Friday, 13 November 2015

Cameron backs rogue nuclear state

 Letter sent to the Guardian:
Your report on Indian prime minister Modi’s deal-making with the UK Government  in London ("High security and Cameron’s praise for former persona non grata Modi,” 13 November, overlooks one very important dimension of the deals. Modi announced in his joint press conference with David Cameron "Today we have signed a civil nuclear deal. This is a sign of our mutual trust in each other."(
Mr Cameron added “ we are now discussing the future partnership between Britain and India, both of us backed by our countries for this parliament to work together to strengthen the partnership that we have.”(
The text of the bilateral trade agreement reports in just one paragraph out of 22 the essence of this nuclear deal as follows:
The two Prime Ministers welcomed the successful conclusion of negotiations on a bilateral Civil Nuclear Co-operation Agreement providing a framework for further co-operation, and announced the signing of a MoU between the UK and the Indian Department for Atomic Energy to encourage joint training and experience sharing on Civil Nuclear with the Indian Global Centre for Nuclear Energy Partnership.” (
This deal follows on from an earlier arrangement 5 years ago fixed by Lord Mandelson when he was Labour’s business secretary. Earlier, in November 2008, the UK government lifted its ban on nuclear-related exports to India, following the decision by the so-called Nuclear Suppliers Group (NSG) to allow the transfer of 'trigger list' – ie militarily related items to India for peaceful purposes.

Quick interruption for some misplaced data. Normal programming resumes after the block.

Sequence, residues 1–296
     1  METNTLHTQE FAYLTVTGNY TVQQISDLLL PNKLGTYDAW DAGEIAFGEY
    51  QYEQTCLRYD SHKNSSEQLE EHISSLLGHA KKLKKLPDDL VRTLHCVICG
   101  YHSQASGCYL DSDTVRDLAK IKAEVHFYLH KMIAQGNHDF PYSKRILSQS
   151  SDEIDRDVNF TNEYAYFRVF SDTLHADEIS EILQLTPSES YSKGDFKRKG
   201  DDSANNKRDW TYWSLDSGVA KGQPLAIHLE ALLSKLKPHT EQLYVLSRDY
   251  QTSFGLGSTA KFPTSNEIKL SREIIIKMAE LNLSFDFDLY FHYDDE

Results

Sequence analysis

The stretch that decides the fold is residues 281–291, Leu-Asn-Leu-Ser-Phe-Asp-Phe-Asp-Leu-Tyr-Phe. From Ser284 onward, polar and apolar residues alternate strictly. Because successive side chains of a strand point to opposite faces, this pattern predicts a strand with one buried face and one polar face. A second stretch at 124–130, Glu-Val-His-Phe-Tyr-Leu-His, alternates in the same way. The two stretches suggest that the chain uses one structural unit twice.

UK policy since 2002 had been to refuse all licence applications for the transfer of items which could potentially have nuclear uses to India because of that country's status as a non-signatory of the Nuclear non-Proliferation Treaty (NPT).
Until then, items, which appear on the NSG's "trigger list", could  only be transferred to a country with full non-proliferation safeguards to ensure that they are indeed used for peaceful purposes. However, after India finalised a wide-ranging safeguards agreement with the International Atomic Energy Agency (IAEA) earlier in 2008, the NSG subsequently decided to permit such items to be transferred to India.
India’s prime minister is directly in  charge of  his country’s Department of Atomic Energy and the  Department of Space respectively, demonstrating their strategic importance in India (
When the US administration lifted export controls  with India to permit its own atomic accord in autumn of 2008, it caused a furore in Congress. The Economist reported: Like Pakistan and Israel, India has stayed outside the Nuclear Non-Proliferation Treaty (NPT), building nuclear weapons instead. Under NSG rules, none of the three should be entitled to import either civilian or military nuclear technology  and materials.” (“When nuclear sheriffs quarrel, The Economist, 30 October 2008;
Why have we heard not a peep from any MPs over this dangerous deal with a rogue nuclear state?

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